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ENTERTAINMENT
By Sloane Brown | December 9, 2001
The phrase "eat, drink and be merry" could've been created with the Chimes' 2001 Hall of Fame celebration in mind. Food and wine galore greeted some 600 guests at a pre-performance dinner reception at the Meyerhoff Symphony Hall. Then, the evening's main event, "Stand-Up For The Chimes" -- a show featuring comedians Carrot Top, Darrell Hammond and Rita Rudner -- had them rolling in the aisles. The lucky 200 at a post-show dessert reception also had a chance to chat with the three comics, and perhaps come away with an autograph or three.
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FEATURES
By Julie Scharper, The Baltimore Sun | April 14, 2014
A group of Johns Hopkins University students have turned a staircase into a giant keyboard. It took about five hours for members of the Hopkins Robotics Club to wire a staircase in Hackerman Hall to sound like a piano, according to a university web site . As you walk up, the first step chimes "C," the next "D" and so on, up the stairs. Some students and professors have mastered the fancy footwork to play a song on the musical stairs.  One club member can play " Frere Jacques " by hanging onto the banisters and kicking his feet up the steps.  Club members told The Hub , a university web site, that they hoped the project would spark an interest in robotics.   
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ENTERTAINMENT
By Sloane Brown | November 7, 1999
The Chimes agency rang in some 2,000 music lovers, and $325,000, at its fund-raising benefit at the Meyerhoff Symphony Hall. The event featured a reception and a concert by opera star Jose Carreras.Even before the internationally renowned tenor took the stage, a buffet in the lobby hit the perfect pitch for opera aficionados such as Terry Perl, president and CEO of the Chimes; Eileen Levine, Elaine and Alvin Katz, Judith Martinak, and Susan and Gary Talles, event co-chairs; Allan Levine, the Chimes' board chair; Steve Kramer and James Phillips, board members; Hal Dahan, the evening's honoree; Dr. Cesar Castillo of St. Agnes HealthCare; Marc Winner, president of F. P. Winner Ltd.; Steve Gigliotti, VP and GM of WMAR-TV; Arlene Mandel, manager at the dental office of Feldman, Sachs & Fitzgerald; and Janice Altman, fitness-wear distributor.
NEWS
By Douglas M. Schmidt | October 24, 2013
Edward Feete was buried this past week. His was a simple service at a Falls Road funeral home, attended by dozens of his friends and remaining family. Eddie was 68, still youngish by today's standards for a long life. But Eddie was a big guy - a very tall, big-boned, heavy guy. His heart had had enough. Many of you in Towson and on the north side of Baltimore knew Eddie. For most of the twenty-four years before he retired in 2012, Eddie was a bagger at the Giant Food store in Ridgely Plaza.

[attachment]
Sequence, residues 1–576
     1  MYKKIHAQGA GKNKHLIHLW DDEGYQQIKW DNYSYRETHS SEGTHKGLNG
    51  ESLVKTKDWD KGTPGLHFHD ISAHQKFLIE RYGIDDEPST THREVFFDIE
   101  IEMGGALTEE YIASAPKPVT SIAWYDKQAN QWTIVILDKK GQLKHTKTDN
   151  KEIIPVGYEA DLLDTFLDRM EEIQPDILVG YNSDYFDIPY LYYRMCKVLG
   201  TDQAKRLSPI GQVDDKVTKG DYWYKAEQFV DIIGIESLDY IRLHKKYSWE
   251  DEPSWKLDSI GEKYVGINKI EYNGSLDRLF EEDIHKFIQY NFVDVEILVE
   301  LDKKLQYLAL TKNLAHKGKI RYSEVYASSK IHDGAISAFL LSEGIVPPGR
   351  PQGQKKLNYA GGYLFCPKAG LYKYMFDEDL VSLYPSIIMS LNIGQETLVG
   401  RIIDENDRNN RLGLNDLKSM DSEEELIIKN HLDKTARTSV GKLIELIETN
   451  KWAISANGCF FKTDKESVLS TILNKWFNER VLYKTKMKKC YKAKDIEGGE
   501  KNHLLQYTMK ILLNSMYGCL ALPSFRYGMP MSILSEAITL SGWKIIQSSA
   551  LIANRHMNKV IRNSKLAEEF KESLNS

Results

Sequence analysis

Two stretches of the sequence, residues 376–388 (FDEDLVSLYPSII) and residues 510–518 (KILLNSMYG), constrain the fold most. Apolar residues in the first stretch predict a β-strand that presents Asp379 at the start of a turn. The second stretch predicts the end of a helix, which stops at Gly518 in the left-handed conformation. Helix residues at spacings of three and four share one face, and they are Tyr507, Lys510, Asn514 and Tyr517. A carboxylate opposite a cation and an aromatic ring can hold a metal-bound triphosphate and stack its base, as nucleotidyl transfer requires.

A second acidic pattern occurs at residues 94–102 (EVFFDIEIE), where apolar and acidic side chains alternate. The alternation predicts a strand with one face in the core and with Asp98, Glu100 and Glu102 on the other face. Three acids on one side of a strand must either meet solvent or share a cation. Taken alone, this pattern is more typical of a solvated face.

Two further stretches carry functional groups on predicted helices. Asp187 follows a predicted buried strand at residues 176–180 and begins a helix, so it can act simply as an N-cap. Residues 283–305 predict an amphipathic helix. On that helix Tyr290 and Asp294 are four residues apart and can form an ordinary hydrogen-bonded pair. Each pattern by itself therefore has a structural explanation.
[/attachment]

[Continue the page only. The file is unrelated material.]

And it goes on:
NEWS
October 23, 2003
THE CHIMES, a Baltimore-based nonprofit, has grown into a big business -- a $125-million-a-year business -- providing jobs and care for the disabled, largely via government contracts. It serves more than 5,000 people across the mid-Atlantic region and is one of the nation's largest providers of disabled janitors. And in the process, its top executives have been rewarded handsomely, including payments to its chief executive over the last three years totaling more than $1.5 million. Chimes CEO Terry A. Perl's compensation appears high in comparison with the leaders of similar organizations.
ENTERTAINMENT
By Sloane Brown | November 19, 2000
A sellout crowd packed the Meyerhoff Symphony Hall lobby for the Chimes' "Hall of Fame 10" night, sipping cocktails, browsing a dinner buffet and socializing. But the crackle of excitement in the air had more to do with what the night held next -- a concert by a 14-year-old Welsh singing sensation, Charlotte Church. The most frequently asked question overheard at the get-together? Forget "Hi, how are you?" Rather, it was "Have you heard her before?" Adjectives like "incredible," "unbelievable" and "fabulous" also seemed to get quite a conversational workout in this gathering.
NEWS
By Arthur Hirsch, The Baltimore Sun | August 10, 2012